LUXEMBOURG (CN) – Paying to delay the production of generic drugs violates European Union competition regulations, an adviser to the EU’s highest court said Wednesday.
The advisory opinion of European Court of Justice Advocate General Juliane Kokott, which is only available in French, held that deals between GlaxoSmithKline and competitors to keep generic versions of the antidepressant paroxetine off the market “may constitute a restriction of competition.”
Though advisory opinions are nonbinding, rulings from the Court of Justice often follow the same legal reasoning. Should the final ruling agree with Wednesday’s opinion, it would uphold a 37.6 million pound, or $54.4 million, fine against the British pharmaceutical company levied by London in 2016.
GlaxoSmithKline paid competitors an estimated 50 million pounds, or $65.4 million, to prevent them from manufacturing generic alternatives after its patent on paroxetine, sold under the brand name Paxil in the United States, expired in 1999. Wednesday’s opinion called this deal “an abuse of a dominant position.”
When those agreements ended, the price of the drug fell 70% in the United Kingdom, according to the British government.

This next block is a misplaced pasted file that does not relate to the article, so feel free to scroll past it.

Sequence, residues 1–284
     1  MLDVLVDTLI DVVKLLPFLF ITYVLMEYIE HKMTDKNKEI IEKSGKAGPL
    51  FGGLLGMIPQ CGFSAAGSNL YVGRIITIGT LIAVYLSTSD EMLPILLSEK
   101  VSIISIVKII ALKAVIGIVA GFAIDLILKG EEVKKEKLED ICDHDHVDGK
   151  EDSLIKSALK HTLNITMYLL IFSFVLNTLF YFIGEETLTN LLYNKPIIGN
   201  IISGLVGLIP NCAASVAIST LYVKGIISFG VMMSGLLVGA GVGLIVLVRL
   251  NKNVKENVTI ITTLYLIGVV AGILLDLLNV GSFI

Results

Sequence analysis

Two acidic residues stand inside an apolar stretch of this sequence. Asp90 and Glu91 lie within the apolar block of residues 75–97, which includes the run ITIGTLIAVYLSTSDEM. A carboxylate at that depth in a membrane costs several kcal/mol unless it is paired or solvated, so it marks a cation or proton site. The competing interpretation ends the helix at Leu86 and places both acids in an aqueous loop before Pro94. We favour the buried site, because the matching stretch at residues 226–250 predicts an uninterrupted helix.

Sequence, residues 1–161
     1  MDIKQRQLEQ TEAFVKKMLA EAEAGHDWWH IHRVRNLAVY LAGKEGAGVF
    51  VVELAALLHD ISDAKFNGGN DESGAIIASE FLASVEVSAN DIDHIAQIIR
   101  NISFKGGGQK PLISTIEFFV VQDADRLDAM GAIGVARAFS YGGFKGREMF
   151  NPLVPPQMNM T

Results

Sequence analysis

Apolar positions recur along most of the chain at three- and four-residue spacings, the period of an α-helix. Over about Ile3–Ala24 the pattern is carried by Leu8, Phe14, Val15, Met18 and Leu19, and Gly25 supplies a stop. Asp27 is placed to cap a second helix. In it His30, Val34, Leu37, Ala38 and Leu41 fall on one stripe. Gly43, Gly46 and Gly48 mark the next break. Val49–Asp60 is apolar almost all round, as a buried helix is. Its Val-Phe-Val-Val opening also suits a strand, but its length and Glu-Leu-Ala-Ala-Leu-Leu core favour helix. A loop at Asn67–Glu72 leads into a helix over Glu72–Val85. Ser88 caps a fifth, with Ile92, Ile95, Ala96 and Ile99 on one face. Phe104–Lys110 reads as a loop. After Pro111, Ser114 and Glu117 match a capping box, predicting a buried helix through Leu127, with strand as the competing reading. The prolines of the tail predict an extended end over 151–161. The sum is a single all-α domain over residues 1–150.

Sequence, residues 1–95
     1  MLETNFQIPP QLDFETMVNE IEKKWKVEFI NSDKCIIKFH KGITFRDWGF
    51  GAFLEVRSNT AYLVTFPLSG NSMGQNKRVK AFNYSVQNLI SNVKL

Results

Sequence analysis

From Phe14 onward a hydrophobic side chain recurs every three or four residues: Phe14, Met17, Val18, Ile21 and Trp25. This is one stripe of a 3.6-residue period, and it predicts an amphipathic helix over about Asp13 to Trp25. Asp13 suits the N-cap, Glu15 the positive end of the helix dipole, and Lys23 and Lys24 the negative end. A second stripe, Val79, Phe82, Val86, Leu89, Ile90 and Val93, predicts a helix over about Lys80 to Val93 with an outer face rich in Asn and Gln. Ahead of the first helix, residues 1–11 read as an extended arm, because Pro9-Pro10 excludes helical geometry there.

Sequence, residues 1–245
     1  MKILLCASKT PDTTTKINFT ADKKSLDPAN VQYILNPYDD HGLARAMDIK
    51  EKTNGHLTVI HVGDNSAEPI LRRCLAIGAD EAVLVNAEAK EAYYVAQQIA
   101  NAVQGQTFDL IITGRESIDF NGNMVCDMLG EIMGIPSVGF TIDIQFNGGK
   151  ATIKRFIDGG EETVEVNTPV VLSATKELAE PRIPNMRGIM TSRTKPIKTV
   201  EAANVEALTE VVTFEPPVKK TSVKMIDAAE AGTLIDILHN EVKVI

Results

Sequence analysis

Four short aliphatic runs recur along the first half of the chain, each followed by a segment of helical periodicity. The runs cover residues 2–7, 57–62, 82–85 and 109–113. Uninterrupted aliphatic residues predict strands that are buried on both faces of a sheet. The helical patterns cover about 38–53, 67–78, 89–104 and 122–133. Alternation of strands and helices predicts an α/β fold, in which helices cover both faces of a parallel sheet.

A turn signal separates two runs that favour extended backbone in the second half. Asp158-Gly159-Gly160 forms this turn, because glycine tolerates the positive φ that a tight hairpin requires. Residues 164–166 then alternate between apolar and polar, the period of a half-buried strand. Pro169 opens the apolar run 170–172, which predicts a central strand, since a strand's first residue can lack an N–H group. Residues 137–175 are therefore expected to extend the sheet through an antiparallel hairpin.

“GSK and the generics companies entered into these agreements at the time in order to settle costly, complex and uncertain patent disputes,” GlaxoSmithKline said at the time.
The company also claimed that the so-called pay-for-delay agreements saved the National Health Service, the British public health care provider, 15 million pounds, or $19.8 million.
The case was referred to the Luxembourg-based Court of Justice by the Competition Appeal Tribunal, a special judicial body in the United Kingdom that adjudicates disputes involving competition issues. National courts can refer cases to the Court of Justice when they have questions about the application of EU law on local matters.
GlaxoSmithKline appealed the Competition Appeal Tribunal decision that it violated British anti-competition law and the tribunal referred the case to the EU’s top court.
The pharmaceutical company did not immediately respond Wednesday to a request for comment on the advisory opinion.
The British government claims that anti-competitive drug arrangements cost the NHS millions of pounds a year and has brought a number of such cases before the tribunal to combat the tactic. Last year, for the first time, the government secured a direct payment to the NHS from South African drug company Aspen over a similar pay-for-delay arrangement involving a treatment for Addison’s disease.
A final ruling from the Court of Justice is expected in the coming months.